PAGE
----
In earlier posts, I have made clear my view that good, professional nannies work hard. Their role is diverse as they care for children, guide their development and behaviour, keep them 'fed and watered' and give them emotional security in the absence of their parents.
Today though, I want to look at the other area: 'play'.
The Oxford Dictionary Online defines the verb to play as to 'engage in activity for enjoyment or recreation rather than a serious or practical purpose.' As early childhood workers though, we know that for children, play is far more than this. As Jean Piaget said, 'Play is the work of childhood.'
A baby is playing with a rattle in her highchair drops the rattle and learns:
- about her physical world: gravity, spatial awareness (up and down), sound.
- about her social world: consequences (frustration with no toy), relationships when someone picks up the toy, fun (when dropping the rattle becomes a game with the person picking it up)
A child is balancing on a log with a parent's steadying hand and lets go. She teeters but maintains balance, learning the use of muscles, eyes and vestibular organ while doing so. Edges along the log, nearly slips but is steadied by the parent....still learning all the skills required for balance, learning again the reassurance of a parent's presence and the joy of being able to do things herself.
One big boy and one little girl on a see-saw...learn informally about forces and physics without knowing, as they do when they learn to 'work' the swing by themselves.
During these early years, play is the means of learning about themselves and their physical and social environments. It is for this reason that children need a range of play experiences. Just as we give babies toys with different textures and colours, so we need to give children indoor and outdoor experiences, alone and with others, with a range of substances and with some freedom to use materials unconventionally and creatively. Experiences need to grow with the child so that they gradually learn more complex skills and face new challenges. Thus the body and mind are prepared for later more formal learning activities, and more organised play.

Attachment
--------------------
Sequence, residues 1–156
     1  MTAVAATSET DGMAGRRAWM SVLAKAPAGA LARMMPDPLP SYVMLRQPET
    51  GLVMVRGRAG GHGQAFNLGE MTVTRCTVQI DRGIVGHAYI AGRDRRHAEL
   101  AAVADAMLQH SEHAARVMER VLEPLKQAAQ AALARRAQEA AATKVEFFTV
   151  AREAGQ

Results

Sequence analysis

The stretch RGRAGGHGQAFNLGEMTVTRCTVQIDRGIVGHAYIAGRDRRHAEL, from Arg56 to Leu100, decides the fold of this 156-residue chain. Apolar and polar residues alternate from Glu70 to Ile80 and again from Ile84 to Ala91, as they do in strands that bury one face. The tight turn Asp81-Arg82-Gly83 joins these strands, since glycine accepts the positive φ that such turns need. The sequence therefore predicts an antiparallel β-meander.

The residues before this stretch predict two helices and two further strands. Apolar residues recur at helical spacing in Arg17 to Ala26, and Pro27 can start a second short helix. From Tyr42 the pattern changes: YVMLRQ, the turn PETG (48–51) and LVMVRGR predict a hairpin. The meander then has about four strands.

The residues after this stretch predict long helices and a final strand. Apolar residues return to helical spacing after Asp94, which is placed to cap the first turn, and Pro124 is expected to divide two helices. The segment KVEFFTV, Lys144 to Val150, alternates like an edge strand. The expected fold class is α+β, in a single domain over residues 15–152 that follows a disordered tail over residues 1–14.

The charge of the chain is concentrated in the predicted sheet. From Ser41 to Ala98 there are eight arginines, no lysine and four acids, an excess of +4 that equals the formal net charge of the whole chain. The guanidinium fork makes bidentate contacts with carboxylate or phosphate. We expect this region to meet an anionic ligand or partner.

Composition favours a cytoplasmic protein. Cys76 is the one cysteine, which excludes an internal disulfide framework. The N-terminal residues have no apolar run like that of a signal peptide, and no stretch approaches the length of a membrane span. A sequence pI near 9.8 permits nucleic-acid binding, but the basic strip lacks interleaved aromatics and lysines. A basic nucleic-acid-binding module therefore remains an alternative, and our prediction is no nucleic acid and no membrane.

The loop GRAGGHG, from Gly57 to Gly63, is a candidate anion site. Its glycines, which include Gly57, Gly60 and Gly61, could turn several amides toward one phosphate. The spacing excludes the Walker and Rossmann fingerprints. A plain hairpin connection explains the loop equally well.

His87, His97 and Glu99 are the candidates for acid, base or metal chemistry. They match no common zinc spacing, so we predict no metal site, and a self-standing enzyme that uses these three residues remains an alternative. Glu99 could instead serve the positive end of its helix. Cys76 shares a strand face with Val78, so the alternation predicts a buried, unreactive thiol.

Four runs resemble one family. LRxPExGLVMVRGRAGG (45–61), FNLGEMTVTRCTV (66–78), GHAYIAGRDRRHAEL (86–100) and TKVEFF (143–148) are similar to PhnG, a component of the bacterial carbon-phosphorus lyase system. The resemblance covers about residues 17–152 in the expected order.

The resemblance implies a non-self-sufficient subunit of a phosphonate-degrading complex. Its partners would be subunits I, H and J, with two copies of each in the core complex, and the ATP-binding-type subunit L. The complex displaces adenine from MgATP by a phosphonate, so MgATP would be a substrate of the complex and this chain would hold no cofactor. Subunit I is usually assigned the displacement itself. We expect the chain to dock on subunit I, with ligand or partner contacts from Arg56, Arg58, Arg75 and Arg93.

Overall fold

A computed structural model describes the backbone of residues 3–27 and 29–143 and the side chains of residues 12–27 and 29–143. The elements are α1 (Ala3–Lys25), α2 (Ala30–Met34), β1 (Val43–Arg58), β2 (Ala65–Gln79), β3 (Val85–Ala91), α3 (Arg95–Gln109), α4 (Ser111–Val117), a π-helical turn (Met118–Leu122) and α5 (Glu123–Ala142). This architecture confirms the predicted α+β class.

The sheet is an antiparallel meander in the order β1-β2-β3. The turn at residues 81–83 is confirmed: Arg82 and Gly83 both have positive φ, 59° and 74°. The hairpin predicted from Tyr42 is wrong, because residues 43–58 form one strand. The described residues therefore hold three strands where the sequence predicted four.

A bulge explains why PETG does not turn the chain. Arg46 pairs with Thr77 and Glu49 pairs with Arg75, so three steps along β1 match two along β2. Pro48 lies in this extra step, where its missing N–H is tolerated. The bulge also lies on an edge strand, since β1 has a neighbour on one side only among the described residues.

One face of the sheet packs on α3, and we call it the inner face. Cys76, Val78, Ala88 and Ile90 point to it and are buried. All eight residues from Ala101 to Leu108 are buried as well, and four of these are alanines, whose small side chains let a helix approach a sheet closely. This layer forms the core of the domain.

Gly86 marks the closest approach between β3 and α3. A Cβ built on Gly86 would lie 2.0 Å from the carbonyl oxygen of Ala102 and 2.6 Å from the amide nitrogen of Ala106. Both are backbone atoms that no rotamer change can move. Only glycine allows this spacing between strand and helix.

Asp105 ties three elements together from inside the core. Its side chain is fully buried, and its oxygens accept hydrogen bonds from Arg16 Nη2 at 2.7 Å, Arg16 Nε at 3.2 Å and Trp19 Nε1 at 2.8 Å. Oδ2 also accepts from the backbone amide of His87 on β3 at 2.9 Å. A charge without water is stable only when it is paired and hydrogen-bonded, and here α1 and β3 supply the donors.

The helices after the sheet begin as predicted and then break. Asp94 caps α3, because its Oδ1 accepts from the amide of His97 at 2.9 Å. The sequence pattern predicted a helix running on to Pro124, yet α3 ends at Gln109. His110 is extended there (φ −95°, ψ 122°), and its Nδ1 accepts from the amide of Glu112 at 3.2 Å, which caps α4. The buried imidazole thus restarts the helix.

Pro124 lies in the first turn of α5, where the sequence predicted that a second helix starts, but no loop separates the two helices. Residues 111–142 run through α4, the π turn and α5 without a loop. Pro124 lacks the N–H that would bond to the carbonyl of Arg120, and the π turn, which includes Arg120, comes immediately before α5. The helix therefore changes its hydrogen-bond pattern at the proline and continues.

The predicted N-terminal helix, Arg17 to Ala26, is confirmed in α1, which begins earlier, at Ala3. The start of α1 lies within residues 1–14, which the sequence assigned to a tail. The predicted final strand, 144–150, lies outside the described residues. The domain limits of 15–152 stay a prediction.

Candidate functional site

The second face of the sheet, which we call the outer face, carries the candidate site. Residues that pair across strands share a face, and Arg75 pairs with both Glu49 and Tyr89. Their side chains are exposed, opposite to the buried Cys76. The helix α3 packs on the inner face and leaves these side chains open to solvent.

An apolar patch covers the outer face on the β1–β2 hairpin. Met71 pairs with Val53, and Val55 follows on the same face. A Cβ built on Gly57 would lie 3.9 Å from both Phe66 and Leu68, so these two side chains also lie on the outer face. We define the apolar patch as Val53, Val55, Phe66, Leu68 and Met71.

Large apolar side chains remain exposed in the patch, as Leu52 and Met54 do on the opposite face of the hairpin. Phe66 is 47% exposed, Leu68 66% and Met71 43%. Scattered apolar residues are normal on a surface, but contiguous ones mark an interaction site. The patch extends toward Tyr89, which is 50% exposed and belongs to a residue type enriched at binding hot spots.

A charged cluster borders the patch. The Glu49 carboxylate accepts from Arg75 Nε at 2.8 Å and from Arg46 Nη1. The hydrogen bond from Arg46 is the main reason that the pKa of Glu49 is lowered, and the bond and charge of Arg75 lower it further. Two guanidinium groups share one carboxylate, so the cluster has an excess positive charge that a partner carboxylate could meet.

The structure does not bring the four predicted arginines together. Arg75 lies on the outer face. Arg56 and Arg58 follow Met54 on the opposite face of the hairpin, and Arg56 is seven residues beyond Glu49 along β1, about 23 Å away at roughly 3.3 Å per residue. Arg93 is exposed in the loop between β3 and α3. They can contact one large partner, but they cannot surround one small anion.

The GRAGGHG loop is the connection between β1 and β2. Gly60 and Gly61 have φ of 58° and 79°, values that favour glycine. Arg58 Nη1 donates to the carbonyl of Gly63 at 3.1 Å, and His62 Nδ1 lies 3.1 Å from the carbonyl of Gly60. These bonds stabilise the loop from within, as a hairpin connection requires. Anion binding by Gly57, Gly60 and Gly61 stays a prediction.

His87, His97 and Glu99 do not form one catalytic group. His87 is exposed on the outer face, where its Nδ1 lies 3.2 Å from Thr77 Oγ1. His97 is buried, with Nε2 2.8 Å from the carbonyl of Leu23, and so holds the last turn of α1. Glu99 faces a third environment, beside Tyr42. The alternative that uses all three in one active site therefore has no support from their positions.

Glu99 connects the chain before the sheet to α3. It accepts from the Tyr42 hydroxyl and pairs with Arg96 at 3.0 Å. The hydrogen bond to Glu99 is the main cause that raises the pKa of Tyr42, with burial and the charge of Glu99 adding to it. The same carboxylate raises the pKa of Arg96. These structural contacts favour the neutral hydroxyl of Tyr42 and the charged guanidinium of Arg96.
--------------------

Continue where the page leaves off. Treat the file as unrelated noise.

Play, however, does not end with childhood, but it does change form and starts to align more with the Oxford Dictionary definition. Adult play is often in the form of hobbies, catching up with friends, outdoor activities like jogging, cycling, camping and bushwalking, although I hesitate to include sporting activities that are more competitive in nature.
Playfulness too, is the source of much fun and creativity. The art of Mirka Mora and Michael Leunig demonstrate this combination. Word plays and humour, particularly that which reflects joyfully on the quirks of human nature rather than that with a more political intent are also examples of playfulness. And who does not enjoy a gathering of friends and family overflowing with love and good humour.
The 'Eight Hour Movement' of the Nineteenth Century was about what is now known as work-life balance: eight hours work, eight hours rest and eight hours recreation. That is still a good rule!
So yes, nannies do play with children, but in that process are preparing them for life.
For those looking to further explore play, there are many excellent websites relating to children.
Among others I would suggest;
Let the Children Play
Free Range Kids
DEEWR Early Years Framework
Australian Children's Education and Care Quality Authority